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No.

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Maybe, maybe not.

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No, can't count it. I'm sorry. You're going to join the club, you got to come in the club. I just want you in the club. So whatever you say, you're never promoted. Like, if you. I got promoted one time as a, from, like, bartender to sales manager to, like, general manager of a nightclub in like, a 40 day window.

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Yeah.

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I didn't realize that's the path to being fired nine months later because that's what happens. But I met my wife during the time. But my point being is that would be it. That's the promotion I got. Anyway, so my next book, by the way, won't be called never been promoted. It'll be called ask to leave. And I will see to what level that apply that idea. By the way, Mark, I'm gonna leave you the floor one more time. Take 60 seconds, tell people how to get ahold of you once again. And thanks again for coming on. You know, floor is yours to leave some information for people to get.

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Yeah. Thomas, thank you so much for having me on the show. I love talking about this stuff and I love imparting whatever wisdom I might have to whomever might benefit from it. It's kind of what I'm on the face of the earth for is my feeling. But yeah, Mark Aylward, you know, mark with Aylward and markaylward.com will get you to my website, and the Aylward  mark on the LinkedIn site will get you to my profile and that will get you anywhere you want to go. You can go as deep with my free stuff as you want. And there's a lot of good free stuff there, videos and workbooks and stuff. The best thing to do is get on my email list somehow if you're interested in what I'm doing, because I don't inundate people with email and what I send out has value. So and that could begin. That's a good way to get to know me. I'll leave you with a quick story. I had a guy reach out to me on LinkedIn a couple months ago, and he said, I've been watching your videos and reading your stuff, and I really like the way you think. Do you offer leadership training? And I thought to myself, I've been doing leadership training for 30 years. I just never called it that. So I said yes. And then we set up a Zoom call and I got on the phone with him and he was giddy. Hes like, mark, I feel like I know you. Ive been watching you for so long and listening to you for so long. And I thought, well, that cake is half baked. Thats pretty cool. And we signed a contract a couple weeks back for leadership training and were going to put the program together after I interview a bunch of his team members and find out where the gaps are and where the opportunities are. And so thats how you leverage LinkedIn. And as you know, probably you can do a lot of content creation on LinkedIn to nobody for a long time. And then all of a sudden, if you're doing good stuff, people are looking at it. You just can't tell they're looking at it. And then all of a sudden they start reaching out to you. And I really would like to be in a position, which I will be soon, where people are finding me and I'm not looking for them.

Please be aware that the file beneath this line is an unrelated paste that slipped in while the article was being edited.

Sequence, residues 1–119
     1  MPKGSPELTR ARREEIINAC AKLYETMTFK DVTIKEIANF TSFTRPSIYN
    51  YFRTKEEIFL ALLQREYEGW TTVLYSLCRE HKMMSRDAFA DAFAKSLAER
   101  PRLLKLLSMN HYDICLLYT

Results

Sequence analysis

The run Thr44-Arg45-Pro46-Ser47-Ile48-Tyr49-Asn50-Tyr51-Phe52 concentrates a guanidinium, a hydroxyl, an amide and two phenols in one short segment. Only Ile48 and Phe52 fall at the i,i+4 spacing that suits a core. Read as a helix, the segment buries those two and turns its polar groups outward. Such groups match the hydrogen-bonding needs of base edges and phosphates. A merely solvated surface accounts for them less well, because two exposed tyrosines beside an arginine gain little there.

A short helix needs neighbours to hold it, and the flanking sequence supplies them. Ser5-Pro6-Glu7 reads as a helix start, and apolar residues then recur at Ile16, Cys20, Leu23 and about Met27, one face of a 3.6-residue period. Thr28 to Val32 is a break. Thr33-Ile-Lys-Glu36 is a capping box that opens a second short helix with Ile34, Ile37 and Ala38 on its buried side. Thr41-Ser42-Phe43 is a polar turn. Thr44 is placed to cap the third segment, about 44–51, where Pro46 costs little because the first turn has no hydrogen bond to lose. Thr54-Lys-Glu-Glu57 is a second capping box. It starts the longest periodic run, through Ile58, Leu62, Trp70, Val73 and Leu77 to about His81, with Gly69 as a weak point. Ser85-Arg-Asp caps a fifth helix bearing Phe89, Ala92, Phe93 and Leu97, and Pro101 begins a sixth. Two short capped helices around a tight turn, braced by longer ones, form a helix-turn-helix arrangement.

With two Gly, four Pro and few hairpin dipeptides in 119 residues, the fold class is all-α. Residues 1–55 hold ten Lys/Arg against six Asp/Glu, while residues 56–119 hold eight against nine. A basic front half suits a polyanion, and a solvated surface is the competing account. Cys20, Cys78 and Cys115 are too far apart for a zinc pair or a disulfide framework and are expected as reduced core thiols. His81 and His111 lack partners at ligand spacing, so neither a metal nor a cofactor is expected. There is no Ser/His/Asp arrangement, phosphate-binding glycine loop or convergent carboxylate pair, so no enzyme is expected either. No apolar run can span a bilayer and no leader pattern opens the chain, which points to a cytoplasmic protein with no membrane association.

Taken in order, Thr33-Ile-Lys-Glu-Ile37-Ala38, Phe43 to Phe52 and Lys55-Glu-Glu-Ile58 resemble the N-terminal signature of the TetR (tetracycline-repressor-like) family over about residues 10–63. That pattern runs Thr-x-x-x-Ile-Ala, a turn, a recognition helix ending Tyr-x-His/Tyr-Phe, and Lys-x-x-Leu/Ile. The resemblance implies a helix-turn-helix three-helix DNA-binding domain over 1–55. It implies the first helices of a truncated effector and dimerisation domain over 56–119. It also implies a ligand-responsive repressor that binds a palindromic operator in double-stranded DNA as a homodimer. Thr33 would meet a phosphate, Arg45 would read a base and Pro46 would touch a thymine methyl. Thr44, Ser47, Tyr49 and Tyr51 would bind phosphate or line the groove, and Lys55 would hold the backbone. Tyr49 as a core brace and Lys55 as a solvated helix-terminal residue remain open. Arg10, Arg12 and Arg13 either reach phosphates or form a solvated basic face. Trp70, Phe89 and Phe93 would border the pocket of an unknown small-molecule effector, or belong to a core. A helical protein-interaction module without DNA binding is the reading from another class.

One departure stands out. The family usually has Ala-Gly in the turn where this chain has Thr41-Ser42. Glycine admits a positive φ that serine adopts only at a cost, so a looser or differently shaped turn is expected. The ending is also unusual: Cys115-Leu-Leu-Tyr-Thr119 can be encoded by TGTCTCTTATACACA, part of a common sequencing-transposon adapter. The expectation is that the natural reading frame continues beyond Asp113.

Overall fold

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Oh, I know companies going to help you with that. For those listening, I'm pointing to myself, we definitely know what to do with that. He says, the point, I'll leave you with this idea because I want to strengthen that. Once you start writing content that's relevant to the people you're supposed to be, your profile of one, the people that you should be meeting, it comes together very quickly. And when you add the other elements, like your web and your email and some, and your profile itself, you bring those together, connecting with people. They start, people start finding you. And it doesn't take as long as you think, but you do need a system to deliver it. And then there's what you found, and you're a professional salesperson, so you could see something was half baked. But a lot of people have, there's a, now what, what is your system? What is your offer theory and what's your, you know, way to get them to refer customers? So a lot of people don't have that post stuff baked. So we got to kind of, you got to think beyond leads and think beyond views and contents. Think of how to, not only do I get a customer, how do I get that customer that I haven't met yet to refer something to me? That's the mentality. You come in with that, and if you can think of it that way, then you, then you're in the right path.

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Yeah, it's, it was much easier for me in the face to face world. I remember a guy bringing me into his office and I didn't realize he was going to do this, but he was a senior chief information officer at a bank, and he brought me into a conference room with about six other hiring managers in there. And he said, I want to introduce you to Mark Aylward He's the only honest recruiter I've ever met in my life. Ask him what he needs and give it to him. Like, holy shit.

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Yeah, they got budget, too, which is great.

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Yeah, yeah. I'm trying to replicate that experience because as you know, it's true. Trust and credibility. Right? Who are you? Why should I trust you? Okay, then. What do you got to say that's much more difficult for me online than it was face to face? But I'm, I'm working on it.

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I will tell you. I'll give you the analogy in the metaphor, and people listen to this, because this is important. Just like you had troubles getting comfortable in front of the camera, just do the same thing. And who you're interacting with and why you interact with the content you create and the authenticity you do with it. Once you get past the robotic state of how that feels online, which is where you feel uncomfortable right now, I'm sure because you described it in the form of video, you'll be right where you were, and you'll be even more performing because you'll. You'll be adding in the live zoom and or in person event behind it, and it'll be, you don't have to do all the stuff you had to, to do to do that because you're all. You're already gonna be relevant. Your relevance is the catalyst of know, like, trust. And so when you can do this correctly and once you get comfortable just being you, your catalyst is already set. And you'll be. You'll get no, like, trust quicker, and it'll. It'll pile in. So. So we'll take it offline. We're going to leave you there right now. Mark, thank you so much for joining today, everybody who's listened, thank you again for listening to Never Been Promoted  podcast. Until we meet again, go out there and unleash your entrepreneur.

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Thanks for listening to Never Been Promoted  with Thomas Helfrich. Make sure to check the show notes for our guest contact information and any relevant links. Connect with Thomas personally at neverbeenpromoted.com.


Podcast Introduction and Guest Introduction
Discussion on Orlando and Personal Background
Entrepreneurial Journey and Recruitment Business
Reflections on Business Management and Personal Challenges
Entrepreneurial Insights and Selling the Business
Leadership and the Importance of Authenticity
The Imperfect Men's Club Podcast and Plans
Effective Communication and Leadership Styles
Mark's Approach to Business and Personal Growth
Final Thoughts and Encouragement for Entrepreneurs